How to Protect Yourself from Identity Theft

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Protecting yourself from identity theft starts with a solid understanding of what identity theft actually is, and ultimately means coming up with a forward-thinking plan that aims to wall off identity thieves from your personal data. Unfortunately, too many Americans don't take the steps necessary to effectively guard against identity theft.

According to a study by Experian, only 18% of U.S. adults use a paid credit monitoring product to protect their identities, and 13% use one to monitor their credit and finances. Additionally, 81% stated they rely on their banks and credit card companies to take responsibility for thwarting identity theft.


Identity thieves are only too happy for fraud targets to be dependent on others to protect their identity. Here's how to prevent that from happening to you.

What Is Identity Theft?

The first big step in protecting yourself from identity theft is awareness—and that means being able to define and recognize identity theft.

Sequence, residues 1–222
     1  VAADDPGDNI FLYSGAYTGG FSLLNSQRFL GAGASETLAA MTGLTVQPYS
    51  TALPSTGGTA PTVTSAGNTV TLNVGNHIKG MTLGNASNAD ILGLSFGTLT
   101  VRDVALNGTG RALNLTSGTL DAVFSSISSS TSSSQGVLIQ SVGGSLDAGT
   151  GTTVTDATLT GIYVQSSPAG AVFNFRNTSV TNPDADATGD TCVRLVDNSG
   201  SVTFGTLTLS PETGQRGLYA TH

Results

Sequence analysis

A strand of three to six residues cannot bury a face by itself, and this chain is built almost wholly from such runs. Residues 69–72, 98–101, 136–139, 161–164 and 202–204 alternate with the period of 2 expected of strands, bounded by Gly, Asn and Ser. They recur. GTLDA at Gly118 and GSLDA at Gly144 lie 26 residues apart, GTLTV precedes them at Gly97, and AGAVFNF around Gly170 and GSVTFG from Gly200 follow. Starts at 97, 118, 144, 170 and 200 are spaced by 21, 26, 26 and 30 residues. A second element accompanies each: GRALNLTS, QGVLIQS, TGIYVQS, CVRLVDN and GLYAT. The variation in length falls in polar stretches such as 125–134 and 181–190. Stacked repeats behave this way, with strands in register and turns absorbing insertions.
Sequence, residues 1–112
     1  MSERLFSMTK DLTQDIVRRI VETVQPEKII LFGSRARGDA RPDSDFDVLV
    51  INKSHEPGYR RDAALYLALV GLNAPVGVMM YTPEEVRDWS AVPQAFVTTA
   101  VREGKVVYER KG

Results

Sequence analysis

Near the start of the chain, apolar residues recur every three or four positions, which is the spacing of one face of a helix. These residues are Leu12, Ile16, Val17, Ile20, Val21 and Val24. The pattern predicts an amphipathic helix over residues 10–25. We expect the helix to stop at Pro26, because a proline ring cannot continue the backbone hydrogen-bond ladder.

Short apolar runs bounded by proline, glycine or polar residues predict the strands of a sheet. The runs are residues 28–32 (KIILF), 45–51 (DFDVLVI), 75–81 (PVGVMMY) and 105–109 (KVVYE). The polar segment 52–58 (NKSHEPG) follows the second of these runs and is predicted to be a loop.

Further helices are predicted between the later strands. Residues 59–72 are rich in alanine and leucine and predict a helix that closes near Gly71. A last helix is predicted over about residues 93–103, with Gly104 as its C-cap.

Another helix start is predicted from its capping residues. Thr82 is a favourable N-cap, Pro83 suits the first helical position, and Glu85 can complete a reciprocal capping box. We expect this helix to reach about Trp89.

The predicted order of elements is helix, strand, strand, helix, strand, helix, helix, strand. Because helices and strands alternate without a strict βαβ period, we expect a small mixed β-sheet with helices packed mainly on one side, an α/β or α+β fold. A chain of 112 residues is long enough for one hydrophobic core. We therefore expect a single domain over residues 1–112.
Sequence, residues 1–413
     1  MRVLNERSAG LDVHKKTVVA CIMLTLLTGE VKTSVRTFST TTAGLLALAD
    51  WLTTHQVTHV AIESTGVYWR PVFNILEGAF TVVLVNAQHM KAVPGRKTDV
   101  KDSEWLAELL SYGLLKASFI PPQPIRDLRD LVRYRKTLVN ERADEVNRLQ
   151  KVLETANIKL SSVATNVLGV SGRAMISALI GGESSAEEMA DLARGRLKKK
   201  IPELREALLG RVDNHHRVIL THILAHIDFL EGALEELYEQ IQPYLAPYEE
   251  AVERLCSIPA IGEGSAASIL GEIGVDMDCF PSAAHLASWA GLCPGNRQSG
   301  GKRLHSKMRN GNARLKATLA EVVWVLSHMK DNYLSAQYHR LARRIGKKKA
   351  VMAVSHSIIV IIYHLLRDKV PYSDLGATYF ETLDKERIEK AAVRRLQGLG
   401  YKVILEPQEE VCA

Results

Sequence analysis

Identity theft, also referred to as identity fraud by law enforcement officials, is defined as all crimes against individuals where personal and financial data is illegally obtained by fraud or deception, usually for financial gain.

Once identity thieves steal your identity, some things they can do include:

The issue of identity theft has become so prevalent in recent years that the U.S. government has made identity theft a federal crime, punishable by imprisonment of up to two years for general identity theft crimes and up to five years for terrorism-based identity theft crimes.

There are many types of identity theft that impact consumers—the most common being credit card fraud, employment or tax-related fraud, phone or utility fraud, and bank fraud (according to the FTC).


How to Recognize Signs of Identity Theft

To better prevent identity theft, know the warning signs that signal fraud is developing—or is happening already:

1. You No Longer Get Your Household Bills in the Mail

An absence of bills in the mail could mean your personal data has been compromised, and the identity thief has changed your billing address.

2. You Are Turned Down for a Loan or Credit

If you're rejected for credit, but have a history of good credit health, you might have been targeted by an identity thief. If you're approved for a loan or credit, but at higher interest rates, that's also a sign you may have been victimized by identity theft.

3. You Are Being Billed for Purchases You Didn't Buy

Invoices for purchases you don't recognize, or if you're being billed for overdue payments for credit accounts you don't own, that's a sign you've been victimized by I.D. fraud.